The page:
Endothelium-derived hyperpolarizing factor and protein kinase G Iα activation: H2O2 versusS-nitrosothiols

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Abstract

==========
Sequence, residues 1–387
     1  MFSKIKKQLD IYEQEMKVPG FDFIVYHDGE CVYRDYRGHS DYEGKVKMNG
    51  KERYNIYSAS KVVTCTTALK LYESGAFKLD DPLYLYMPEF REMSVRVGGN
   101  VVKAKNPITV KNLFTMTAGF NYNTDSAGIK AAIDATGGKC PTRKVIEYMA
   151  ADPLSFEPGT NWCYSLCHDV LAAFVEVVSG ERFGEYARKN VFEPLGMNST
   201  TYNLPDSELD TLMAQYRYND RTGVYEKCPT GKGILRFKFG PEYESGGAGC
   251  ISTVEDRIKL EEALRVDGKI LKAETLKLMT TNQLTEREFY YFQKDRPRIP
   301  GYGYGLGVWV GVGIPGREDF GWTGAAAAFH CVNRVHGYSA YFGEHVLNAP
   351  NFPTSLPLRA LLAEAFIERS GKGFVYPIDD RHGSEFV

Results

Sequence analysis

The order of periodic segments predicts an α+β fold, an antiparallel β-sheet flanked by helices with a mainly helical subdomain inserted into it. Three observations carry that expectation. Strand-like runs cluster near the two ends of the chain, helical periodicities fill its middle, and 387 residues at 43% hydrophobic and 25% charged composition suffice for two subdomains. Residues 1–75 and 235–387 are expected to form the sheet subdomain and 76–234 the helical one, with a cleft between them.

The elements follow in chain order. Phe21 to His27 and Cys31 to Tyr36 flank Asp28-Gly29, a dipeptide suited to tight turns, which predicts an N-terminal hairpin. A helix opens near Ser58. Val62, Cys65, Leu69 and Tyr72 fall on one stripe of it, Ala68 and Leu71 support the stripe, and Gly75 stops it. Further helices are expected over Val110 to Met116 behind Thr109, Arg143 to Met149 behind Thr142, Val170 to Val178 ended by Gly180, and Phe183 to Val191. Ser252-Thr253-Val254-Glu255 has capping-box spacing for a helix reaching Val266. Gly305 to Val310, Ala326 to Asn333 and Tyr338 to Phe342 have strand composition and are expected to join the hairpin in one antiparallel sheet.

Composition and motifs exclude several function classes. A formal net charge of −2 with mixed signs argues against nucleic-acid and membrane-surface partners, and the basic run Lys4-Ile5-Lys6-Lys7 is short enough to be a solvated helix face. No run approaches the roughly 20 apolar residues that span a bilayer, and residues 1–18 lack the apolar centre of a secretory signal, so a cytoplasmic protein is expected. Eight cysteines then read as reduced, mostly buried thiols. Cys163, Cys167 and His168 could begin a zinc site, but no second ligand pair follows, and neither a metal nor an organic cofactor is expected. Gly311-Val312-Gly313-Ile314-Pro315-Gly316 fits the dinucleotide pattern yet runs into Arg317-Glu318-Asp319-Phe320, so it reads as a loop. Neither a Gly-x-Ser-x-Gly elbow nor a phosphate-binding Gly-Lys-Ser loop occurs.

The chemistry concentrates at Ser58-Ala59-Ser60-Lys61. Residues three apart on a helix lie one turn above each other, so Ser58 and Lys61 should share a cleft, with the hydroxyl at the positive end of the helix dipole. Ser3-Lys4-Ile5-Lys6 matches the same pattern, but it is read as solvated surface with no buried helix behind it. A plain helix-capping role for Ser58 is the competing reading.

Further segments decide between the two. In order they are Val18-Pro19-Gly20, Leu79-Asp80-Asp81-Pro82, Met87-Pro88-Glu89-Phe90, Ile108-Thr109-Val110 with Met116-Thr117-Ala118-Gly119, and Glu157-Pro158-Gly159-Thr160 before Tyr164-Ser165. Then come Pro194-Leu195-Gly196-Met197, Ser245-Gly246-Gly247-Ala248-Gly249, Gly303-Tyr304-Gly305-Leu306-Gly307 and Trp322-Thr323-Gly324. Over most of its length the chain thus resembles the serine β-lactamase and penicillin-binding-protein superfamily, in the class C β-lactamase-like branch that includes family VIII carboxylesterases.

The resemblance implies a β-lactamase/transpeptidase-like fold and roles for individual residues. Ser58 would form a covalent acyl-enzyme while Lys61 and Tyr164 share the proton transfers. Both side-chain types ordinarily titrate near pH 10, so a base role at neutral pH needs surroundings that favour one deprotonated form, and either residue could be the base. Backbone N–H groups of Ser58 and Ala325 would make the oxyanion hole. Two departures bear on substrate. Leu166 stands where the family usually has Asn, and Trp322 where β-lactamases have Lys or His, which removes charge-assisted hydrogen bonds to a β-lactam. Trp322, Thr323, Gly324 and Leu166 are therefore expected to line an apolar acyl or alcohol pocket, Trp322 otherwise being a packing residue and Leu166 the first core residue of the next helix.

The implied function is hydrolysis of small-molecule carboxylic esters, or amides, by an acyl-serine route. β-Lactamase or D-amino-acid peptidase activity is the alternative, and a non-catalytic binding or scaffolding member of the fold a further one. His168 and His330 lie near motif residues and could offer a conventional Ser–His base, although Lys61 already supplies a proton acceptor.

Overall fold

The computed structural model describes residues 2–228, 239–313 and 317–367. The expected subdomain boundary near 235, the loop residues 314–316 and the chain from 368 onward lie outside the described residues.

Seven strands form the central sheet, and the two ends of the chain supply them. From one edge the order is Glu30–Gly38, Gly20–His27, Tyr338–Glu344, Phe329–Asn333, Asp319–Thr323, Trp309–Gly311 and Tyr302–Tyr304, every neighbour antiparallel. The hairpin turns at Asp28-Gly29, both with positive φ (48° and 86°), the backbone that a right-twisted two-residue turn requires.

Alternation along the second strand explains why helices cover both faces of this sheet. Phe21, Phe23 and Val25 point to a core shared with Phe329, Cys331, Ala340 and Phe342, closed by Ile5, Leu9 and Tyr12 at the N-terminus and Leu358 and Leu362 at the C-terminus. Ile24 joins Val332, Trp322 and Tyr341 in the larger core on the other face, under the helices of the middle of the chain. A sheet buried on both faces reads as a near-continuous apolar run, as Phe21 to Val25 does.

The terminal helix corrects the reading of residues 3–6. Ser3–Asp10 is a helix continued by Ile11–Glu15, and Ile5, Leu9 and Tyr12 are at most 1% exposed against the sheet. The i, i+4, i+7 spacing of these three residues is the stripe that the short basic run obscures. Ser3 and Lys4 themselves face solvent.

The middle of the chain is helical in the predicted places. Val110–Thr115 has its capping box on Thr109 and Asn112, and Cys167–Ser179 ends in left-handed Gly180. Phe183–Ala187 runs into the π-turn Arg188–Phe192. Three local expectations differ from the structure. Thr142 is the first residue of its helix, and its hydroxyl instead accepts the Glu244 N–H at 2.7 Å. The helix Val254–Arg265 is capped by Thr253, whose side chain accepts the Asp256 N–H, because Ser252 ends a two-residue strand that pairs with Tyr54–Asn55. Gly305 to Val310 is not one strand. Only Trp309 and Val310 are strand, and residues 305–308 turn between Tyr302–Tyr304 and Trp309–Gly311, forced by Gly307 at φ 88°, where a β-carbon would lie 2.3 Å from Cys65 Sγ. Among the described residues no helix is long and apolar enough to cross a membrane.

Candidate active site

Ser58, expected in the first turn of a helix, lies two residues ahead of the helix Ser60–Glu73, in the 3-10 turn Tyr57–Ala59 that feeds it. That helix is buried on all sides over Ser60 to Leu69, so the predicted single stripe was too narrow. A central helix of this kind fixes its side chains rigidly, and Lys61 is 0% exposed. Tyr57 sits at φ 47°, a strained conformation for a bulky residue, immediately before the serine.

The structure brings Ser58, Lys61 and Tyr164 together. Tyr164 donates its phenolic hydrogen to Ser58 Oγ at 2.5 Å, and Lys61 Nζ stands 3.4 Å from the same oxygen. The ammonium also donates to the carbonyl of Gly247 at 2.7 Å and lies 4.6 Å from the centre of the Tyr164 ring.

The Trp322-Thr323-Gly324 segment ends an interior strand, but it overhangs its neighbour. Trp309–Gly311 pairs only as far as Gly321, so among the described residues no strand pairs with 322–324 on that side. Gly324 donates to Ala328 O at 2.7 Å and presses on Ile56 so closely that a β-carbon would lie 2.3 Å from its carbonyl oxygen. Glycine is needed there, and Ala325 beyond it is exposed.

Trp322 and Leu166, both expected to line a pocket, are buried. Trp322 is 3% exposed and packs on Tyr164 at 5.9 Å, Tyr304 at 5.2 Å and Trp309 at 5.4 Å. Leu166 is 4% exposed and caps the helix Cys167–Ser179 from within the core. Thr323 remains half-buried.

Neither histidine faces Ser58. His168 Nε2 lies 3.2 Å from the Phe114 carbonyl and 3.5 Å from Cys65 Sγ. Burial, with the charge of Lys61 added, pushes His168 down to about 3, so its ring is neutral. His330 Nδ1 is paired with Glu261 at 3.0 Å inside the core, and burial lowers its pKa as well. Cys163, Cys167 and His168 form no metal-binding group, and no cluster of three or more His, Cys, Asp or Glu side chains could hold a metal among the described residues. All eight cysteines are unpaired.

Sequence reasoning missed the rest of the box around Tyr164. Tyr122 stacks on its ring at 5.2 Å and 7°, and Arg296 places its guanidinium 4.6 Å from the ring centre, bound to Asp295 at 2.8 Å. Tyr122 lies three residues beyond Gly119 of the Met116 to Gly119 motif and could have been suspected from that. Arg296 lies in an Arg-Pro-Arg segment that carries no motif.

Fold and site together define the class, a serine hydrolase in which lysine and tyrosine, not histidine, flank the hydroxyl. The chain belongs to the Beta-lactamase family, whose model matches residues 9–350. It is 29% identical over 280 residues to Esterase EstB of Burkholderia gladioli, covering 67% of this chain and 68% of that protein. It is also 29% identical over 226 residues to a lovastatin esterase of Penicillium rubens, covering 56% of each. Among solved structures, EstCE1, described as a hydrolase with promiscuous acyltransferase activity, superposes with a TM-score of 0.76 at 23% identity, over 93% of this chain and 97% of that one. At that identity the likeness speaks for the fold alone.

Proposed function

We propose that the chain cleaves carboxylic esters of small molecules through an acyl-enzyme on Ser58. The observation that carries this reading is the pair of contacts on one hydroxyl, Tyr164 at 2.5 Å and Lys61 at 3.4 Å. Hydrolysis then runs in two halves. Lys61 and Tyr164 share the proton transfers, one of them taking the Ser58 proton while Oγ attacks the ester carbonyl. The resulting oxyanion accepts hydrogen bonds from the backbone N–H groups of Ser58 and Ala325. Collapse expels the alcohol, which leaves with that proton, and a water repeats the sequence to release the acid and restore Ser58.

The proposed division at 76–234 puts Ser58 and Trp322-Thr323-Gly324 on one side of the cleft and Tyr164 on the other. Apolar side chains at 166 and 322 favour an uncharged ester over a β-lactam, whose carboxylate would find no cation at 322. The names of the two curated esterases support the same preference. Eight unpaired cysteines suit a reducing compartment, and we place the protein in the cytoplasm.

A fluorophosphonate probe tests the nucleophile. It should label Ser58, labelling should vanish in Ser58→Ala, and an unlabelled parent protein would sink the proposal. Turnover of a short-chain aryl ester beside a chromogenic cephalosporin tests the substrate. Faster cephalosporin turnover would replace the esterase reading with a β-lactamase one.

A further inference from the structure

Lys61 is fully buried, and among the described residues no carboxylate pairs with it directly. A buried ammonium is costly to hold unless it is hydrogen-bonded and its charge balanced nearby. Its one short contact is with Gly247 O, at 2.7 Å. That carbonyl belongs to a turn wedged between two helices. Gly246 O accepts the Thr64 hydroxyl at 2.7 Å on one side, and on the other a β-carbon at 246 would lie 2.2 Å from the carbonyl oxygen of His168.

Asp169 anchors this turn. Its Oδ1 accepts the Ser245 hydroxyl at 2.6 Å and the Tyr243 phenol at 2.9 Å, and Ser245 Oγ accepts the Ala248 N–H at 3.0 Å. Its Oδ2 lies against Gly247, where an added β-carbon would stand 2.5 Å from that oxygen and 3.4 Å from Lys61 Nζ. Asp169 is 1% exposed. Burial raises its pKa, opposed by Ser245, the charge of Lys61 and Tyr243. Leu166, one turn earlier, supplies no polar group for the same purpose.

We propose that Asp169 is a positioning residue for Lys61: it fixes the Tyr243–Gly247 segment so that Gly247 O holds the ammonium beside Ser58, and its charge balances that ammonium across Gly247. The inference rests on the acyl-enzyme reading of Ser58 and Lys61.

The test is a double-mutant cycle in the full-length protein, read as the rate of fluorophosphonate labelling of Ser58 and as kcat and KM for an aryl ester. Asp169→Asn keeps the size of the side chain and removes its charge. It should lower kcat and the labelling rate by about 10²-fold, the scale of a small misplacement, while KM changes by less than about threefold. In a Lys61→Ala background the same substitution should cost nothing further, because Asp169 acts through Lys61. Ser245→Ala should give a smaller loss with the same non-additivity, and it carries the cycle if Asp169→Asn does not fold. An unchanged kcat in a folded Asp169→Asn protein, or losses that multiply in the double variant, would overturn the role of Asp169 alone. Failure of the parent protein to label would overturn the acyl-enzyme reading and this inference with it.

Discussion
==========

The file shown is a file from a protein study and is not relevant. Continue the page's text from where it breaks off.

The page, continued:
Protein kinase G (PKG) Iα mediates the cyclic guanosine monophosphate-mediated vasodilatory effects induced by NO. Endothelium-derived hyperpolarizing factors (EDHFs), like H2O2 can activate PKGIα in a cyclic guanosine monophosphate-independent manner, but whether this is true for all EDHFs (e.g., S-nitrosothiols) is unknown. Here, we investigated the contribution of PKGIα to bradykinin-, H2O2-, L-S-nitrosocysteine-, and light-induced relaxation in porcine coronary arteries, making use of the fact that thioredoxin reductase inhibition with auranofin or 1-chloro-2,4-dinitrobenzene potentiates PKGIα. Thioredoxin reductase inhibition potentiated bradykinin and H2O2, but not L-S-nitrosocysteine or light. The relaxations by the latter 2 and bradykinin, but not those by H2O2, were prevented by the soluble guanylyl cyclase (sGC) inhibitor 1H-[1,2,4]oxadiazolo[4,3-a]quinoxalin-1-one. Yet, after S-nitrosothiol depletion with ethacrynic acid, thioredoxin reductase inhibition also potentiated light-induced relaxation, and this was prevented by the Na+-K+ ATPase inhibitor ouabain. This indicates that photorelaxation depends on sGC activation by S-nitrosothiols, while only after S-nitrosothiol depletion oxidized PKGIα comes into play, and acts via Na+-K+ ATPase. In conclusion, both bradykinin- and light-induced relaxation of porcine coronary arteries depend, at least partially, on oxidized PKGIα, and this does not involve sGC. H2O2 also acts via oxidized PKGIα in an sGC-independent manner. Yet, S-nitrosothiol-induced relaxation is PKGIα-independent. Clearly, PKG activation does not contribute universally to all EDHF responses, and targeting PKGIα may only mimick EDHF under certain conditions. It is therefore unlikely that PKGIα activators will be universal vasodilators.

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